Leasing: An Underutilized Tool in Rural Finance
This discussion paper, written for the Agricultural and Rural Development sector of the World Bank, examines the potential of leasing as a tool in rural finance. The authors make a strong case in favour of expanding World Bank support to develop access to leasing in rural areas. The paper’s audience is, in the narrowest sense, policy-makers at the World Bank, but more generally could be of use to organisations working in developing countries.
The authors use evidence drawn from Africa, South Asia, Central Asia, and Latin America, across a spectrum of different financial organizations including a bank, an NGO, a cooperative, private leasing companies and a state-owned company. Their study suggests that both small and medium enterprises in rural areas benefit from access to leasing. The authors assert that the two main conditions enabling development of leasing are a clear legal basis and minimal regulation. Elements of a good legal framework would include:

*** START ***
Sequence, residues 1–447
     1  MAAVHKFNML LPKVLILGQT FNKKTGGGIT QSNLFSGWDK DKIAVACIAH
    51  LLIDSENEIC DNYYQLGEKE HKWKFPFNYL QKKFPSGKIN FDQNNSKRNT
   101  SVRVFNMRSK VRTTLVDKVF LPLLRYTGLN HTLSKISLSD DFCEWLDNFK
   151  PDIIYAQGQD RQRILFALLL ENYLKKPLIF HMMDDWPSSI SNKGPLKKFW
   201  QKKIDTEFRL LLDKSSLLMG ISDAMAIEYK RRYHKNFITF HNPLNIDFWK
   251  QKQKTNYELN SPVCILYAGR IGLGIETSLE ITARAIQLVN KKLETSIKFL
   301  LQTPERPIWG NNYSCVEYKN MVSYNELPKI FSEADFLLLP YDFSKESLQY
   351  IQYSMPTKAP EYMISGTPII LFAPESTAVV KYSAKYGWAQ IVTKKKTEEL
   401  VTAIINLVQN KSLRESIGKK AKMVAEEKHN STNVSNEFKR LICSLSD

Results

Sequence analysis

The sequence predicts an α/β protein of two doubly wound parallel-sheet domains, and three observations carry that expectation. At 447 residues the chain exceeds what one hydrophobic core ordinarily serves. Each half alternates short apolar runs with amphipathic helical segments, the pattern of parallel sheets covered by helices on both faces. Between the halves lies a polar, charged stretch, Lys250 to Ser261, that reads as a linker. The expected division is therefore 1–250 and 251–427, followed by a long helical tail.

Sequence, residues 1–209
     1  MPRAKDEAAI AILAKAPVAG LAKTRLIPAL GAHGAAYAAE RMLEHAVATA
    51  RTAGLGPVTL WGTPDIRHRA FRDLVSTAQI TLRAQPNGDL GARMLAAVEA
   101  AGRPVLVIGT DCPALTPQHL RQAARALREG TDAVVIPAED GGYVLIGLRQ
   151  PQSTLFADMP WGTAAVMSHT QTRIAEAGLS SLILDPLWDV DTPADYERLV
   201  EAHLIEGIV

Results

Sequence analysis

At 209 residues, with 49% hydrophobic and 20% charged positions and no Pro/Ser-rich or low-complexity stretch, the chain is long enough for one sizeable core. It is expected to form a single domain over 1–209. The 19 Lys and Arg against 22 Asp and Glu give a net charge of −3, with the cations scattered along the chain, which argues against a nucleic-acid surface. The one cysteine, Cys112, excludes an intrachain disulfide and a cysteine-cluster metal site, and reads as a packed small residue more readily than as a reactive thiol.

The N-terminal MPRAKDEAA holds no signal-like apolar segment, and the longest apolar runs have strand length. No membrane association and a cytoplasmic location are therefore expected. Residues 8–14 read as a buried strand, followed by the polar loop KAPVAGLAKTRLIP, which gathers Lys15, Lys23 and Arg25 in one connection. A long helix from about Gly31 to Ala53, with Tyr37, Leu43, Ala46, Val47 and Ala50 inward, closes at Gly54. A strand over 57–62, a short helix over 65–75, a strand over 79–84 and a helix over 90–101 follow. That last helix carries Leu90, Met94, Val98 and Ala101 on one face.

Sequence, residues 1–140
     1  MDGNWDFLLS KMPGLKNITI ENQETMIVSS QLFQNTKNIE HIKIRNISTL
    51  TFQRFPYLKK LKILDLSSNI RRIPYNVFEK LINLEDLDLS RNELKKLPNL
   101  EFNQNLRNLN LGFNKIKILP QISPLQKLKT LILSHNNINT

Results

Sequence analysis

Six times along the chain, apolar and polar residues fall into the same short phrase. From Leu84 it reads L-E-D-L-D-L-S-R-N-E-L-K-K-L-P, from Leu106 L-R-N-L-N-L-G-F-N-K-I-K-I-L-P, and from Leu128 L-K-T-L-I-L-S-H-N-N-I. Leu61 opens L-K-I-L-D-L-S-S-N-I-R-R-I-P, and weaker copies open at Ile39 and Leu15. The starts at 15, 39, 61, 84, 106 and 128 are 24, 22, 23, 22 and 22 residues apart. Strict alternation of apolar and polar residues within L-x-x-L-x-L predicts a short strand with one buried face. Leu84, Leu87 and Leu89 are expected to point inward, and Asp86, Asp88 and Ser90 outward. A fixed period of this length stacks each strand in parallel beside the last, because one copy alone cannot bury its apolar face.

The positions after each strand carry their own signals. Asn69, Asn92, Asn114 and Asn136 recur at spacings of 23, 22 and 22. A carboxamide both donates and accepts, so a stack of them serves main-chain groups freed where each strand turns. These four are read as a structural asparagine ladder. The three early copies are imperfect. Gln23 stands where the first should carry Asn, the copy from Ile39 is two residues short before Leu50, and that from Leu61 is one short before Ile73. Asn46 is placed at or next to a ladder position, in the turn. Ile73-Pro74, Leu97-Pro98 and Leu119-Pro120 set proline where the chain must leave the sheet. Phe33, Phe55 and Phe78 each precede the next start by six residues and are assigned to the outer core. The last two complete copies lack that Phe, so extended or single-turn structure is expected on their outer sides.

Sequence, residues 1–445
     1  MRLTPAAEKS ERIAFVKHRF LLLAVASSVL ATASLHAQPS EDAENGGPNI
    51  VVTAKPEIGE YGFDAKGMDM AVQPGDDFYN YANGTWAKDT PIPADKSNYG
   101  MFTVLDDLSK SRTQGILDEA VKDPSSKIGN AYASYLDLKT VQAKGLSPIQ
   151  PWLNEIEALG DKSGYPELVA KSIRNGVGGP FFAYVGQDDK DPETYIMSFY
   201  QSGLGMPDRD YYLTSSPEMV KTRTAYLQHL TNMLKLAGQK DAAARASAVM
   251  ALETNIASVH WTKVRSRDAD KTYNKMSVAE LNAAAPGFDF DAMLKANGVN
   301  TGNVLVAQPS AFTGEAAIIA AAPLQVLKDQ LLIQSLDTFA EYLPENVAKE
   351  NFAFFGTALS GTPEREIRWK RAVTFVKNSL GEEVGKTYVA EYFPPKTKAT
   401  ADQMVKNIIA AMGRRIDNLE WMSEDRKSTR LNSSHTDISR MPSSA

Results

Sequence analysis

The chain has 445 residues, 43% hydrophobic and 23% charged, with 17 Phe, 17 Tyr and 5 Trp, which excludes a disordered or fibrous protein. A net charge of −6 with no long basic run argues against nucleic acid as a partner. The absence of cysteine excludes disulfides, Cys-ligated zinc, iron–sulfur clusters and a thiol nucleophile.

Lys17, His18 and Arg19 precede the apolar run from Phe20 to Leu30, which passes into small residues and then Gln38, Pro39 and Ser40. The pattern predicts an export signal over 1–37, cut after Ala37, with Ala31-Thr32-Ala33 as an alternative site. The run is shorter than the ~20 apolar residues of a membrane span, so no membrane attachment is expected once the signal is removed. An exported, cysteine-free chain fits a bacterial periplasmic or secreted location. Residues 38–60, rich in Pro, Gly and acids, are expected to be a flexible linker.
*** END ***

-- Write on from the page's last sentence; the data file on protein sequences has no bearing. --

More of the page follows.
- accepted accounting standards
- a tax code not biased against leasing
- a high degree of clarity in defining lease contracts, leased assets and the rights and responsibilities of all parties to a lease contract
- well-defined methods of conflict resolution and asset repossession under strictly-defined circumstances
For an enabling regulatory environment, the authors isolate two main areas of importance:
- they suggest that leasing does not warrant prudential regulation and
- that institutions subject to prudential regulation, such as banks, ought to be allowed to provide leasing services, as they are no riskier than cash loans
The paper makes four recommendations for World Bank involvement in enhancing access to leasing in rural areas of developing countries. First, it should increase the availability of information on the demand and supply of leasing in rural areas. Second, it should incorporate technical and financial assistance for leasing into rural finance projects. Third, it should consider establishing leasing development facilities to provide technical assistance for policy reforms and leasing providers. Fourth, it should build relationships with other agencies that have more experience in supporting leasing development.
This study is both comprehensive and convincing, with its strong emphasis on practical case studies in a wide variety of different developing nations. Of the several appendices, perhaps most interesting is Appendix 4, which gives profiles of rural lessors, showing the variety of different types of lessors and giving a thumbnail of their successes and limitations.